NightLion

macrumors member
Original poster
Jun 8, 2011
30
1
I just got my Dell U3417W and am amazed at how crappy the fonts look. Is this just because i've been used to retina or 4k screens? Everything is jagged and pixel looking unless i increase the zoom to 150%.
The fonts also look like they have a red border around some of the letters if i look closely enough. Even if i zoom to 200 or 300, i can still see the red. I'm guessing this is just a byproduct of not having enough pixels on the screen?

Is there any way to fix this? or at least get relatively better looking fonts?
 

mikas

macrumors 6502a
Sep 14, 2017
516
297
Finland
I bought a Dell 4K some time ago, and I do find my WQHDs a little pixelated now. I can live with it, but I do realize it every time I change machines (eg. displays).

You could try to turn of
System prefs - General - LCD font smoothing
if you are extra sensitive to that red and blue antialiasing scheme.

It will not change the jaggines though, see attached. Antialiasing just became grayscale.

I don't know if you can use pure B/W fonts anymore in MacOS. Earlier in OS X history you could do that.

Red_Blue_antialiasing.png
 

ActionableMango

macrumors G3
Sep 21, 2010
9,606
6,864
Is there any way to fix this? or at least get relatively better looking fonts?

Yes, it should look great.

Like @MarkJames68 says, what resolution are you running? The problem might be resolution mismatch.

Use DisplayPort or MiniDisplayPort cable. If you are using an HDMI cable, that monitor will drop down to 1080p.

Also, turn off all the zooming for now--that will complicate the issue. LCDs look best 1:1, and if its not, then the problem needs to be fixed.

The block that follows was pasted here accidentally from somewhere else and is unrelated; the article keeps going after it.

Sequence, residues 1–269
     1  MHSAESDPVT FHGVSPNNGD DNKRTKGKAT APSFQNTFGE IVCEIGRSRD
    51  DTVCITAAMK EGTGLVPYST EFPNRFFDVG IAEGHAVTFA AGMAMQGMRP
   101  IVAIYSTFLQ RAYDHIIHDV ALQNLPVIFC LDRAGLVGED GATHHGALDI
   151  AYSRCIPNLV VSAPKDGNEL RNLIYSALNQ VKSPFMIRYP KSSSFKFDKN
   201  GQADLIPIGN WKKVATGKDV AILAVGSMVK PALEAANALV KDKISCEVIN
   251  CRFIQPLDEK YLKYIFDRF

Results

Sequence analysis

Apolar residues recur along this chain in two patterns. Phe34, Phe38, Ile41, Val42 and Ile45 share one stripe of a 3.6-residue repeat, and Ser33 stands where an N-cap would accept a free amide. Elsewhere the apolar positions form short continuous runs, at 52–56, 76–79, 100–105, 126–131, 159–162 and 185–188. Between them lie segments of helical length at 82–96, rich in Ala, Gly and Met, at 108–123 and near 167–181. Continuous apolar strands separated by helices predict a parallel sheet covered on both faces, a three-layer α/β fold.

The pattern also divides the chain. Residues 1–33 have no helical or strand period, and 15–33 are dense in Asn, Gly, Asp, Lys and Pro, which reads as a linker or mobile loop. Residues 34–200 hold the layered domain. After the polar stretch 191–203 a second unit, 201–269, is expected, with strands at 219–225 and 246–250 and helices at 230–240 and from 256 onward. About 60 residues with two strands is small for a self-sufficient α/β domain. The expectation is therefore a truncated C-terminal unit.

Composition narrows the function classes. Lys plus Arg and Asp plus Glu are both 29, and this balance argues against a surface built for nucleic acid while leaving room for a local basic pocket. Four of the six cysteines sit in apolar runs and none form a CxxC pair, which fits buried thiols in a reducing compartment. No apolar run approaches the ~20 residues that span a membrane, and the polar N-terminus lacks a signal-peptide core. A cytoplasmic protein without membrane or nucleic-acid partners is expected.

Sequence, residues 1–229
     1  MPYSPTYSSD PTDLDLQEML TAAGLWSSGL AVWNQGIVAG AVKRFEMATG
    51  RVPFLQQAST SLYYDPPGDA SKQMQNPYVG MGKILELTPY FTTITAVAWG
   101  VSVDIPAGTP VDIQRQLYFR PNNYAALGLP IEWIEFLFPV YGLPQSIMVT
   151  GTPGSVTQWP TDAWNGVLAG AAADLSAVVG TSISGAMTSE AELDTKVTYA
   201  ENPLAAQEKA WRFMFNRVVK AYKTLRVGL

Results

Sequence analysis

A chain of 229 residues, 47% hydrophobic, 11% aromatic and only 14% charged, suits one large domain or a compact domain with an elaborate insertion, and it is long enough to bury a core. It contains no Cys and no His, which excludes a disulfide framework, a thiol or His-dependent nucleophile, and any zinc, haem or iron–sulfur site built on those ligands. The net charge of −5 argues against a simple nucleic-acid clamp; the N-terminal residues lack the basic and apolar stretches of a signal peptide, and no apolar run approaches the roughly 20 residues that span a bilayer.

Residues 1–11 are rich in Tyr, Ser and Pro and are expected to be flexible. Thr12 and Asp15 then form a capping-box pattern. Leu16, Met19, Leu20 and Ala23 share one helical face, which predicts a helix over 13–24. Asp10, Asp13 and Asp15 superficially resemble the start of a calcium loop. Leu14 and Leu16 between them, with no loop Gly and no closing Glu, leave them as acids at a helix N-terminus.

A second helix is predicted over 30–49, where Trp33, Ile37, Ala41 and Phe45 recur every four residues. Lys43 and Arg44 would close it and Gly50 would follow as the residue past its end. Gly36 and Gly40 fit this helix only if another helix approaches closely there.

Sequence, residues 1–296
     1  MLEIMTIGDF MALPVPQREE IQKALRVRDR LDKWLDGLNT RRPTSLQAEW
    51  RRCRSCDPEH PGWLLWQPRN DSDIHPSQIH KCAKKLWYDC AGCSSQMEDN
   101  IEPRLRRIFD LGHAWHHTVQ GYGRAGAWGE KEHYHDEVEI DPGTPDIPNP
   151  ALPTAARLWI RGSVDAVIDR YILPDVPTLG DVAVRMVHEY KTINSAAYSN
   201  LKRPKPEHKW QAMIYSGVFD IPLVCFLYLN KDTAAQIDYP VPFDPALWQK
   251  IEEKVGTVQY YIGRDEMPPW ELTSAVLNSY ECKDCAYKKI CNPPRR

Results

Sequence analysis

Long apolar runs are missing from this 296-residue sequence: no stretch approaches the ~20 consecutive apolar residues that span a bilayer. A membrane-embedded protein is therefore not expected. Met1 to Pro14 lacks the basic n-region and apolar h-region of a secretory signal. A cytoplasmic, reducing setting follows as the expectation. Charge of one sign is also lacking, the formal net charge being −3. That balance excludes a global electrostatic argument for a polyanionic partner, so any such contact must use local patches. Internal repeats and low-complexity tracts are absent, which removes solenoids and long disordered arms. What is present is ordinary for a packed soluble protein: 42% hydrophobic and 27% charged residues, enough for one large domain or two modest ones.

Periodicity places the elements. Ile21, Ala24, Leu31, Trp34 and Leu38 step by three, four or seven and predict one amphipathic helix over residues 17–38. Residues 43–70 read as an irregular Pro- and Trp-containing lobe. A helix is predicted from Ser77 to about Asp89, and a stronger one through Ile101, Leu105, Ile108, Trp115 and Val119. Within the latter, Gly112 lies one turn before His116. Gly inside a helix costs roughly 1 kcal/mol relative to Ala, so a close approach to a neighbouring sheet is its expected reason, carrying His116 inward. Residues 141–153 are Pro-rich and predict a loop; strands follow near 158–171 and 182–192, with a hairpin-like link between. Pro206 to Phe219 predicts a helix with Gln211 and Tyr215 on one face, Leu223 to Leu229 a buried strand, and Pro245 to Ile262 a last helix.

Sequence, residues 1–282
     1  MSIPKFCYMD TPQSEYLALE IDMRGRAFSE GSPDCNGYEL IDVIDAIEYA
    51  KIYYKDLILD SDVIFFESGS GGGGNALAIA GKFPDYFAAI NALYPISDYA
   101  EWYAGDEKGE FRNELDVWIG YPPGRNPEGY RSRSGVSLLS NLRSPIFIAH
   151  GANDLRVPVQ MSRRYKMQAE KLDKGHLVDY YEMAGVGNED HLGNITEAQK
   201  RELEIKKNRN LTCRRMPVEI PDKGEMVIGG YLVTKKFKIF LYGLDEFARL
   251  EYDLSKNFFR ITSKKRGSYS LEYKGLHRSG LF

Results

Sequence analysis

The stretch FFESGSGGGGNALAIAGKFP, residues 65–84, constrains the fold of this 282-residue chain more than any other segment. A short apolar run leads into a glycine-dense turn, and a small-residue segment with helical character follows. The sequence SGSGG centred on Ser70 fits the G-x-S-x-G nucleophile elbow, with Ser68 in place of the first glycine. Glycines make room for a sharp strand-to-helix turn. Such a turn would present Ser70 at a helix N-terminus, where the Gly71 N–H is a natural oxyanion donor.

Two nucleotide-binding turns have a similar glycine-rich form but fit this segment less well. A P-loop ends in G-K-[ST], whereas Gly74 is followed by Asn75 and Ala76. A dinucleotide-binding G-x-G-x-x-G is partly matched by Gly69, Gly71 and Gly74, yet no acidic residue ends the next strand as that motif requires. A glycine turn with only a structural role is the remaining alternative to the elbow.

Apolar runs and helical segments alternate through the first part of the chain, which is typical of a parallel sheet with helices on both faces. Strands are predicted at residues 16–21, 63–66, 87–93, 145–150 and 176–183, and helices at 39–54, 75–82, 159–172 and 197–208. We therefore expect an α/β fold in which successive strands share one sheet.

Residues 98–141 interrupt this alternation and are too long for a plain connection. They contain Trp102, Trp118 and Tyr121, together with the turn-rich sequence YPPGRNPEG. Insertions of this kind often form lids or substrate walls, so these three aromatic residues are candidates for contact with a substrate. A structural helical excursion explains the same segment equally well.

h9826790

macrumors P6
Apr 3, 2014
15,267
7,559
Hong Kong
Yes, it should look great.

Like @MarkJames68 says, what resolution are you running? The problem might be resolution mismatch.

Use DisplayPort or MiniDisplayPort cable. If you are using an HDMI cable, that monitor will drop down to 1080p.

Also, turn off all the zooming for now--that will complicate the issue. LCDs look best 1:1, and if its not, then the problem needs to be fixed.

I agree with Actionable Mango.

I am now running a 3840x1080 monitor. So effectively, 1080P resolution. The front looks good on it (at proper distance of course). I used my Mac with the 27" ACD and a 4K TV, so I know how they look. And I am very happy with the font now. So, resolution of course can make the difference, but should not be the bad in general.

1) Since your monitor has 1440P vertical resolution, not 2160 (or higher), I highly recommend you don't use any HiDPI resolution. For 1440P, only native resolution looks good, anything else will become burry.

2) Check your monitor's "sharpness" setting. It can make a huge difference. Sharpest not always the best. The monitor may artificially make it sharper than the signal input, therefore, more "noise" (or pixilated). e.g. On my monitor, sharpness 60-64 is the best. Anything above 64 will become jagged

3) For non "Retina" (4K or above), I highly recommend turn on "LCD font Smoothing" in System Preferences -> General. That setting may be OFF if you used a 4K display before.

4) For non Retina", Try NOT to make yourself closer than required. The relatively low resolution make the font ONLY looks good at the proper display. If you intentionally make yourself closer for font calibration etc, the image will be wrong when you back to normal distance (e.g. too sharp). And of course, everything will looks pixelate when you are too close.

5) You may try to alter the font smoothing level in terminal by running
Code:
defaults write -g AppleFontSmoothing -int 4
The integer value valid from 0-4. 4 is maximum font smoothing, 0 is to disable font smoothing. You may try different value and find the best one for yourself.

6) Which OS you are running now? Different OS has different default system font. And Apple do indeed improve the font in the latest OS. If you are running pre High Sierra OS, you may consider upgrade your OS.